1 Y ago

Anne of Green Gables And Realistic Optimism

I’m going to be honest – I have not been doing well for the past month. This happens every fall when my depression rears it’s ugly head after a relatively peaceful summer. And with my depression, comes my psychosis. Things have been rough, to say the least. Even though it happens every year, I feel I am never adequately prepared. Prepared for the knowledge that winter could be worse. Prepared for the struggle of the next few days, weeks, and months. And knowing that I need to come up with a strategy to cope.

Everyone has their own coping mechanisms when things go south. Some are healthy, some are not. Most people have some of both. Unfortunately, one of my not so healthy coping mechanisms is pessimism. If you expect everything to go wrong, you can never be disappointed. Logical — but not healthy. This can very easily turn into a vicious cycle of self-fulfilling prophecy, cynicism, and deeper depression. Not good. So, whenever I feel myself falling down the “nothing will ever go right” rabbit hole, I turn to one of my favorite childhood literary heroes – Anne Shirley from Anne of Green Gables.

Anne’s attitude toward life is as different from mine as it could possibly be. She is an optimist. Not the irritating preachy ”Pollyanna” kind that makes it a game to find the good in bad situations (don’t get me started), but a true optimist. One who is open to the good in the world around her and uses her imagination to see beyond the bad. I first met Anne when she was an 11-year old orphan, sitting alone at a train station, waiting to be to be picked up by her new “family” who she has never met. Before ending up in the orphan asylum, her “family experience” had consisted of being used to take care of someone else’s children. A situation that should make anyone apprehensive and pessimistic. But not Anne. Instead, she spent her time noticing the beautiful wild cherry tree nearby, imagining herself sleeping in it if no one showed to pick her up.

Anne is picked up — by 60-year old Matthew Cuthbert, who was expecting an 11-year old boy, not a girl. Not surprisingly, she is crushed when she learns from Matthew’s spinster sister Marilla that she is going to be sent back to the orphan asylum. But, by the next morning, her natural optimism begins to raise its head. Knowing she must leave, her conversation with Marilla reflects her spirit and optimistic attitude, “I’m so glad that it’s a sunshiny morning. But I like like rainy mornings real well too. All sorts of mornings are interesting, don’t you think? You don’t know what is going to happen through the day, and there’s so much scope for the imagination.”

What I like most about Anne’s character is that it is not a false, unrealistic optimism. She doesn’t live in her imagination, she uses her imagination to see good possibilities. She knows that life does not always live up to one’s hopes, that disappointments abound. One of my favorite Anne quotes is “ I’m fond of romantic things, and a graveyard full of buried hopes is about as romantic a thing as one can imagine, isn’t it? I’m rather glad I have one.” Anne is realistic about life, acknowledges it’s pain, and then moves on. Throughout all of the Anne Of Green Gables series (12 books!) Anne manages to hold on to this attitude.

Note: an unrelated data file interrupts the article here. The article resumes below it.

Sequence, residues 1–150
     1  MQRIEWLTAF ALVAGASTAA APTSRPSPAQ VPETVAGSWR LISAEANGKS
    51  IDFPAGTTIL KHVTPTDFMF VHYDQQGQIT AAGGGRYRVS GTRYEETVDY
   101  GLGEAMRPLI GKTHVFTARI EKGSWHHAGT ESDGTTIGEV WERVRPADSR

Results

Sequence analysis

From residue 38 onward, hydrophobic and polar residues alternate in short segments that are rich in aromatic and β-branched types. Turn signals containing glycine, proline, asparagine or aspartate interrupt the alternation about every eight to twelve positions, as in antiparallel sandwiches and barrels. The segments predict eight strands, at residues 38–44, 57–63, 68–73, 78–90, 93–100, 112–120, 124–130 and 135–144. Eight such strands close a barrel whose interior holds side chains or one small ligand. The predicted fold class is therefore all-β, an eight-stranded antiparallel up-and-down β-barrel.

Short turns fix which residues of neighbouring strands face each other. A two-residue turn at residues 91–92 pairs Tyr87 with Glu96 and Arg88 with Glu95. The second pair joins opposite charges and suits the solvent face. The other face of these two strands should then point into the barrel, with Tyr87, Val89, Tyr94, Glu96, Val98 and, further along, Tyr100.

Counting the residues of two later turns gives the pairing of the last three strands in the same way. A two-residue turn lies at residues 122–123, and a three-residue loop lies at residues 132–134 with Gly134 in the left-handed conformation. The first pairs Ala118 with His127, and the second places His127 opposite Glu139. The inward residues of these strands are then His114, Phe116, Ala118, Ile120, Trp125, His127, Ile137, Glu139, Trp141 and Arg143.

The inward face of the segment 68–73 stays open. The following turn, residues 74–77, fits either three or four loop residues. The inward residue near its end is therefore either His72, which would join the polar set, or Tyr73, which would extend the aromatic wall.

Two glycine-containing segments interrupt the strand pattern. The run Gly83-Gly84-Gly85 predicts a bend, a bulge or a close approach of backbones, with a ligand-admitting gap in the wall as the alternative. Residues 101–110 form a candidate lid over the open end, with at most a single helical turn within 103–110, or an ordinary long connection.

I can learn a lot from Anne. She has a way of turning every negative into a positive. People think her hair is too red, she looks strange, and her clothes are out of fashion. Anne celebrates her differences. Strict rules are placed upon her. She finds the joy in them. She sees the beauty around her. A blossoming tree. A sunshiny day. Little things can make her happy. In the first book of the series, all she wants is a dress with puffy sleeves (spoiler alert — she gets it).

I tend to do the opposite. At the first sign of negativity I panic. I feel I ruin things before I even touch them. Sometimes I feel like a total failure at age 22. Instead of going outside and appreciating the little things, I lie face down on my floor and dread the big ones. I need some of Anne’s extreme optimism.

This one Anne quote pretty much sums up her philosophy of life — “It’s been my experience that you can nearly always enjoy things if you make up your mind firmly that you will.” I am trying. I am trying to see the good inside of the bad. Yes, I have been too sick to spend much time with friends, but that has given me time to self reflect and make art. Yes, many of my pieces have been rejected, but this is just an opportunity to grow. I’m trying to find the light in even the darkest of places. Yes, I have been severely depressed for the past month, but it is showing me who my real friends are. Yes, I have experienced great trauma, but now I can educate others about it.

I think that everyone should bring a little Anne Shirley into their lives. That doesn’t mean not acknowledging the pain or difficulties in your life, but trying not to let them define your present and shape your future. Whenever you catch yourself predicting failure, stop yourself short. (I’m trying.) Try to find the good in the bad. (I’m trying.) It’s cliché, and a little schmaltzy I know, but try deep down, in your heart of hearts, to look on the bright side — the positive side. Treat yourself to small things, like Anne’s puffy sleeves (for me, I like lipstick and reading books about books). In the face of violent negativity, sometimes the best thing to do is face it with violent positivity. I am trying to believe I will be ok, and the more I believe it, the more I feel it is true. Anne’s methods can work, schmaltzy as they sound. So the next time you find yourself face down on the floor, think to yourself: What would Anne do?

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